8.2.2. GDP at current prices (US$)
  8.2.3. Exports of goods and services (current US$ bn)
  8.2.4. Imports of goods and services (current US$ bn)
  8.2.5. Gross national disposable income (US$ billion)
  8.2.6. Consumer price index
  8.2.7. Wholesale price index
  8.2.8. LCU per US$ (period average)
  8.2.9. Deposit rate (%)
  8.2.10. Market capitalization of listed companies (US$ bn)
  8.2.11. Market capitalization of listed companies (% of GDP)
  8.2.12. Total Government cash surplus/deficit (LCU billion)
  8.2.13. Government cash surplus/deficit as a percentage of GDP (LCU)
  8.2.14. Central government debt (LCU billion)
  8.2.15. Central government debt as a percentage of GDP (LCU)
  8.2.16. Goods exports as a percentage of GDP
  8.2.17. Goods imports as a percentage of GDP
  8.2.18. Goods balance as a percentage of GDP
  8.2.19. Services imports as a percentage of GDP
  8.2.20. Service exports as a percentage of GDP
  8.2.21. Services balance as a percentage of GDP
  8.2.22. Foreign direct investment, net (BoP, current US$ billions)
  8.2.23. Net foreign direct investment as a percentage of GDP
  8.2.24. International reserves, including gold (US$ billion)
8.3. Energy and utilities
  8.3.1. Total Conventional Thermal Electricity Net Generation (Billion kWh)
  8.3.2. Hydroelectricity Net Generation (Billion kWh)
  8.3.3. Nuclear Electricity Net Generation (Billion kWh)
  8.3.4. Total Conventional Thermal Electricity Installed Capacity (Million kW)
  8.3.5. Proved Reserves of Natural Gas (Trillion Cubic Feet)
  8.3.6. Total Petroleum Consumption (Thousand Barrels Per Day)
  8.3.7. Crude Oil Proved Reserves (Billion Barrels)
8.4. Infrastructure Quality and Availability
  8.4.1. Rail lines (total route-km)
  8.4.2. Air transport, freight (million ton-km)
  8.4.3. Overall construction (US$ million)
8.5. Technology
  8.5.1. Patents Granted
8.6. Telecommunication
  8.6.1. Telephone lines (in mn)
  8.6.2. Telephone lines Penetration Rate (per 100 people)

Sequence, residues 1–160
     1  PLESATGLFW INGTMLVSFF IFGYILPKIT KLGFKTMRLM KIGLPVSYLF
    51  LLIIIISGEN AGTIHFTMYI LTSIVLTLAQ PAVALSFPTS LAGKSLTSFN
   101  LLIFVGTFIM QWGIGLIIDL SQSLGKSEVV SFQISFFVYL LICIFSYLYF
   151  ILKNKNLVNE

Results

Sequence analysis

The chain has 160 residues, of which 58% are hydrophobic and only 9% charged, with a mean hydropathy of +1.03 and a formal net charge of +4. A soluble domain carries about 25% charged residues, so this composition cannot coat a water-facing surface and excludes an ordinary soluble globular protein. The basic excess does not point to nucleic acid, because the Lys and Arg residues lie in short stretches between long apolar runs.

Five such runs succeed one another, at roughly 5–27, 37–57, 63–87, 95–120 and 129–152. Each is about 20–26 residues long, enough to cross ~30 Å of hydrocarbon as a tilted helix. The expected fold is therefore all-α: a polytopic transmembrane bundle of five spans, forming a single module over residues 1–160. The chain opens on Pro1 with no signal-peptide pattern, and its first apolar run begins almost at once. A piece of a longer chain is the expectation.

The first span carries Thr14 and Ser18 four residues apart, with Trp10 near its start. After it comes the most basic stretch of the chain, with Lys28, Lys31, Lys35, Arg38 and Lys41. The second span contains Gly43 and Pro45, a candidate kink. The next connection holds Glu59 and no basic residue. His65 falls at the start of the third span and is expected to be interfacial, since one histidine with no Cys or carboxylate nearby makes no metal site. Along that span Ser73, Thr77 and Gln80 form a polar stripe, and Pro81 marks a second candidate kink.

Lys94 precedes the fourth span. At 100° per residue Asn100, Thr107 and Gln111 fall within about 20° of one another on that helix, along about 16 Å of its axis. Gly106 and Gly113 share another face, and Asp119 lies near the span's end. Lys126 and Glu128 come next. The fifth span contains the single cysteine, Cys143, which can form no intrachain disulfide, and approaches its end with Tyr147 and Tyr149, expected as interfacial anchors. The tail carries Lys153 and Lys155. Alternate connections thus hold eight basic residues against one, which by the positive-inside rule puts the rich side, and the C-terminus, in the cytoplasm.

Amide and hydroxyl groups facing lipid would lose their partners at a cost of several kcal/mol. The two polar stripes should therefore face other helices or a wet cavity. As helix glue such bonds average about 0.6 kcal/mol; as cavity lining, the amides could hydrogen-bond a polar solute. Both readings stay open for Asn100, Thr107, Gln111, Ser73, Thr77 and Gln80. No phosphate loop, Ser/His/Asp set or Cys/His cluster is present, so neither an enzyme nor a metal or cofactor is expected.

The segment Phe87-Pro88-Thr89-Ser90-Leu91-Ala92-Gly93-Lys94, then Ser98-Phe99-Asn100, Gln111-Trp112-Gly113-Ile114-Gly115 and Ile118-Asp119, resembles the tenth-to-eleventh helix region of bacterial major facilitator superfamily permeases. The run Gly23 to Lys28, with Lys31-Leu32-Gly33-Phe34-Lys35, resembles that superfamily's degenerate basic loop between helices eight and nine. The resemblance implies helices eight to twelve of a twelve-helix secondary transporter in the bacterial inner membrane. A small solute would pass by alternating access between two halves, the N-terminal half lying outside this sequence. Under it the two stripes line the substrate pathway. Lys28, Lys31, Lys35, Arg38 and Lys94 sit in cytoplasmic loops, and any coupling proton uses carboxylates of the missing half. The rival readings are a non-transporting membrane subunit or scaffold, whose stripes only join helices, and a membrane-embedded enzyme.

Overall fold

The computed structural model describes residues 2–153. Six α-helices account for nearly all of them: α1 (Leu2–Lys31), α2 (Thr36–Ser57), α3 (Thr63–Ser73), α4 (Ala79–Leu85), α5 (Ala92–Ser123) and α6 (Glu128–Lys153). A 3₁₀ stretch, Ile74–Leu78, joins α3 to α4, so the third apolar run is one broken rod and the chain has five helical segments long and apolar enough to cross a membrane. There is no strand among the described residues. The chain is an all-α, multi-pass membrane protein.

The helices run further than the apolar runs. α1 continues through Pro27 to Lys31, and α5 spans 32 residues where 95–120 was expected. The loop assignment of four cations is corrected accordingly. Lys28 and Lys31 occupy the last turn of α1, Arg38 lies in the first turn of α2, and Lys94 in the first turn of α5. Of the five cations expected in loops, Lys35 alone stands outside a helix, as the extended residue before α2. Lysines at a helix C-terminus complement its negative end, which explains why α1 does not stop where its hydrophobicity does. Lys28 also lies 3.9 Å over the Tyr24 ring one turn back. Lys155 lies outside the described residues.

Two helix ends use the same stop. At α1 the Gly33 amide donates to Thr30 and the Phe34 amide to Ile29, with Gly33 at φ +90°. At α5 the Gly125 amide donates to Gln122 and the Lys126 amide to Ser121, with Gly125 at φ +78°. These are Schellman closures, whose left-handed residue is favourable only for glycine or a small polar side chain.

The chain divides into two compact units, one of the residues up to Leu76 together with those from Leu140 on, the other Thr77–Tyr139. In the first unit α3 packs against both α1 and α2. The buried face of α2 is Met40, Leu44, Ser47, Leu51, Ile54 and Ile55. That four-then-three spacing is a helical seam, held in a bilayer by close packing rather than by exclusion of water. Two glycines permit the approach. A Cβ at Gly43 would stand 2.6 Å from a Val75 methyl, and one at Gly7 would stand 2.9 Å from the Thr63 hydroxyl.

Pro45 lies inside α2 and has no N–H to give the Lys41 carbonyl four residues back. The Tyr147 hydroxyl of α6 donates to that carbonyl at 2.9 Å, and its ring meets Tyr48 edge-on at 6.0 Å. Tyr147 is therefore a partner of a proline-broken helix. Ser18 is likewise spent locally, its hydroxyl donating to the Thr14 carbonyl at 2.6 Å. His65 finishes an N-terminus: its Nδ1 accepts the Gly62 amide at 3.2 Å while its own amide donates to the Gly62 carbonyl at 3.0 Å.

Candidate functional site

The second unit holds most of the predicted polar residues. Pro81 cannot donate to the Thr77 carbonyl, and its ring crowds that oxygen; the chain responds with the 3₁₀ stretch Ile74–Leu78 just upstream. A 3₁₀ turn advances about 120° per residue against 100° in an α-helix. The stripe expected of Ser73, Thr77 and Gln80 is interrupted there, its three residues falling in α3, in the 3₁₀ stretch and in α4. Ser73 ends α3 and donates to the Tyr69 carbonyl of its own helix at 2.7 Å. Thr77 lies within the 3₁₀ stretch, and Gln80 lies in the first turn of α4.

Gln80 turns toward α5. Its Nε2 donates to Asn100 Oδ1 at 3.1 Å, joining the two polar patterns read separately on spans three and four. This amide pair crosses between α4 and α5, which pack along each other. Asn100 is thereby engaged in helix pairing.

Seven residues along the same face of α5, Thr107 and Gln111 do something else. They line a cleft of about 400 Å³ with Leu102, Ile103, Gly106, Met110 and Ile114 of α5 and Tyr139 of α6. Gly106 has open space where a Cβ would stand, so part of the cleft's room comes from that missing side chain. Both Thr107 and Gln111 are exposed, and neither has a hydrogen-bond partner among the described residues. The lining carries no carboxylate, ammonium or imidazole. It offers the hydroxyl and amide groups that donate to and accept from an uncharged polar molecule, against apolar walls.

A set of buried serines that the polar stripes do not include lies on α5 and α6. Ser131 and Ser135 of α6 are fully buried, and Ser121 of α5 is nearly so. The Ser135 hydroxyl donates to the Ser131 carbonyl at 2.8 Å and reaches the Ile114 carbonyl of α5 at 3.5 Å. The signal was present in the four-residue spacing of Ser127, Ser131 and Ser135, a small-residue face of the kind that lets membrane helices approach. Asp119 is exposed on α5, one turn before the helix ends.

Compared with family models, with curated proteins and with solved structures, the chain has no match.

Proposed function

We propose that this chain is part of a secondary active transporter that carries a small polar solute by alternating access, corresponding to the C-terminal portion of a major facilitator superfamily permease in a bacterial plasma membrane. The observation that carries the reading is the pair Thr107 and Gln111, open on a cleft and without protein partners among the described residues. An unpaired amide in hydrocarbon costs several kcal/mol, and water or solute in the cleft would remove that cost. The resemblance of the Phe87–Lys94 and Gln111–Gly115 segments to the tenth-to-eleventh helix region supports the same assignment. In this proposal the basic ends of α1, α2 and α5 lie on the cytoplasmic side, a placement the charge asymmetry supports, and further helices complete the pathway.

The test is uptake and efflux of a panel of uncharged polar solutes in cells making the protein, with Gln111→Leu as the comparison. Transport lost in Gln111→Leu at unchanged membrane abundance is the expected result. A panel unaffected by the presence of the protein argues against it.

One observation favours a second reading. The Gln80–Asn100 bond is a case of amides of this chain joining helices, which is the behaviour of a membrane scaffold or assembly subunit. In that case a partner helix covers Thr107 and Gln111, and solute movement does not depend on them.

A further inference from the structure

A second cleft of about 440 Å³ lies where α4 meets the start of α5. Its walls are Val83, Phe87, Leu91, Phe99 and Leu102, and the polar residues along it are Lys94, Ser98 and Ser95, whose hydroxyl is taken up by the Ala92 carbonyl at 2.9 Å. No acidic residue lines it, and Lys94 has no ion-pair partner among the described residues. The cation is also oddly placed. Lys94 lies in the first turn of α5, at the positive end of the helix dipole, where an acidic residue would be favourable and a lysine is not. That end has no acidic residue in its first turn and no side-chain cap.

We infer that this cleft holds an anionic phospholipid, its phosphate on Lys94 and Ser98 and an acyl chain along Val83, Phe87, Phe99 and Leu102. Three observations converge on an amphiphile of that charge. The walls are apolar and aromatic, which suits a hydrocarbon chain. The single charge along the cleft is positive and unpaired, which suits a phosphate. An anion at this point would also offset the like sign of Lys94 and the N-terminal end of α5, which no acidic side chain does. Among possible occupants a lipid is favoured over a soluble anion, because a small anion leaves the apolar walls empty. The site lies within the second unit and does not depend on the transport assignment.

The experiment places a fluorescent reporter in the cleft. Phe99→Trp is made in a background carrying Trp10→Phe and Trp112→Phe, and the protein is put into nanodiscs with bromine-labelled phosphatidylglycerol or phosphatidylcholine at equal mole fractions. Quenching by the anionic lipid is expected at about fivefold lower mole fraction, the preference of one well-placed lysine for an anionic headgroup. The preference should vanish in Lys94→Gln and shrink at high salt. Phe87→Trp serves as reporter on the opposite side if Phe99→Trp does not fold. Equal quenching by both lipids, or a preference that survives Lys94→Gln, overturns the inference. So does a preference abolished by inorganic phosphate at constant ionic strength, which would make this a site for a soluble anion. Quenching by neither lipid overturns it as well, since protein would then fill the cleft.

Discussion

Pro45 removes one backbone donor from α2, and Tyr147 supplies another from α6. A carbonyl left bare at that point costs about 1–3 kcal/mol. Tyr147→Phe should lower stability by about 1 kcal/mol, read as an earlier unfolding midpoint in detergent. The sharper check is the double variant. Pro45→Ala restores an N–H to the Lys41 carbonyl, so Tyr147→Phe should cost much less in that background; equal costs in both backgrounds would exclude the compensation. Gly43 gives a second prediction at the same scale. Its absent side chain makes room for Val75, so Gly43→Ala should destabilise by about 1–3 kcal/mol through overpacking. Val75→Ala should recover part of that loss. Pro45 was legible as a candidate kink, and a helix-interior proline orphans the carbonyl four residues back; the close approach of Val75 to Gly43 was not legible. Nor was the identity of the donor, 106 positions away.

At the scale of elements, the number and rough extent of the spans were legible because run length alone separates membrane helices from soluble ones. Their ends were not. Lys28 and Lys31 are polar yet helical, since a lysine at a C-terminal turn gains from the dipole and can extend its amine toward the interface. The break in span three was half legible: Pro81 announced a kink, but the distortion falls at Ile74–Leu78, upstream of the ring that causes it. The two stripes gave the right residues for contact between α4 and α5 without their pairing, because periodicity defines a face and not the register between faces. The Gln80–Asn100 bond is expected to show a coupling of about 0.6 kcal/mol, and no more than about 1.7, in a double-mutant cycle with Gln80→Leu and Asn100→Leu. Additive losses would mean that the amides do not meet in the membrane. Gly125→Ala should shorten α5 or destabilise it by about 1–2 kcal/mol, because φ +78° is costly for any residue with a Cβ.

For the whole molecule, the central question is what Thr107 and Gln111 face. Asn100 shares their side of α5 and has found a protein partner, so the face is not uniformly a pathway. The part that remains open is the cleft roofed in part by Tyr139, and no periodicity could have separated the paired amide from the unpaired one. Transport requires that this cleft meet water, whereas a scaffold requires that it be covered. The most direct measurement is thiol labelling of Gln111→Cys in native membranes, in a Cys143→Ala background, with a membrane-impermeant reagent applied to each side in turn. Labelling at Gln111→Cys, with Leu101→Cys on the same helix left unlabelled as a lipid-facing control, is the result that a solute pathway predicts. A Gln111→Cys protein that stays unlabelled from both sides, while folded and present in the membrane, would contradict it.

9 APPENDIX

9.1. About SDI
9.2. Disclaimer

LIST OF TABLES

Table 1: Malaysian Defense Expenditure (US$ Billion), 2009-2013
Table 2: Malaysian Defense Expenditure (US$ Billion), 2014-2018
Table 3: Malaysian Defense Budget Split Between Capital and Revenue Expenditure (%), 2009-2013
Table 4: Malaysian Defense Budget Split Between Capital and Revenue Expenditure (%), 2014-2018
Table 5: Malaysian GDP Growth vs. Defense Expenditure Growth vs. Defense Expenditure as Percentage of GDP, 2009-2013
Table 6: Malaysian GDP Growth vs. Defense Expenditure Growth and Defense Expenditure as Percentage of GDP, 2014-2018
Table 7: Malaysian Homeland Security Expenditure (US$ billion), 2009-2013
Table 8: Malaysian Homeland Security Expenditure (US$ billion), 2014-2018
Table 9: Benchmarking with Key Markets - 2008-2012 vs. 2013-2017
Table 10: SDI Terrorism Index
Table 11: Malaysian Defense Offset Regulations
Table 12: Market Entry by Key Foreign Companies
Table 13: Malaysian Defense Industry Capability
Table 14: Agusta Westland Malaysia Sdn Bhd - Product Focus
Table 15: Agusta Westland Malaysia Sdn Bhd - Alliances
Table 16: Agusta Westland Malaysia Sdn Bhd - Recent Contract Wins
Table 17: SME Ordnance Sdn Bhd - Product Focus
Table 18: SME Ordnance Sdn Bhd - Alliances
Table 19: SME Ordnance Sdn Bhd - Recent Contract Wins
Table 20: SME Aerospace Sdn Bhd - Product Focus
Table 21: SME Aerospace Sdn Bhd - Recent Contract Wins
Table 22: AIROD Sdn Bhd - Product Focus
Table 23: AIROD Sdn Bhd - Alliances
Table 24: AIROD Sdn Bhd - Recent Contract Wins
Table 25: Boustead Naval Shipyard - Product Focus
Table 26: Boustead Naval Shipyard - Recent Contract Wins
Table 27: Zetro Aerospace Corporation Sdn Bhd - Product Focus
Table 28: Zetro Aerospace Corporation Sdn Bhd - Alliances
Table 29: Sapura Thales Electronics Sdn Bhd - Product Focus
Table 30: Sapura Thales Electronics Sdn Bhd - Alliances
Table 31: Sapura Thales Electronics Sdn Bhd - Recent Contract Wins
Table 32: DRB Hicom Defence Technologies Sdn Bhd - Product Focus
Table 33: DRB Hicom Defence Technologies Sdn Bhd - Alliances
Table 34: DRB Hicom Defence Technologies Sdn Bhd - Recent Contract Wins
Table 35: MMC Defence Sdn Bhd - Product Focus
Table 36: MMC Defence Sdn Bhd - Alliances
Table 37: Composite Technology Research Malaysia Sdn Bhd - Product Focus
Table 38: Composite Technology Research Malaysia Sdn Bhd - Alliances
Table 39: Composite Technology Research Malaysia Sdn Bhd - Recent Contract Wins
Table 40: Labuan Shipyard and Engineering Sdn Bhd - Product Focus
Table 41: Labuan Shipyard and Engineering Sdn Bhd - Alliances
Table 42: Labuan Shipyard and Engineering Sdn Bhd - Recent Contract Wins
Table 43: D'Aquarian Sdn Bhd - Product Focus
Table 44: D'Aquarian Sdn Bhd - Recent Contract Wins

LIST OF FIGURES

Figure 1: Malaysian Defense Expenditure (US$ Billion), 2009-2013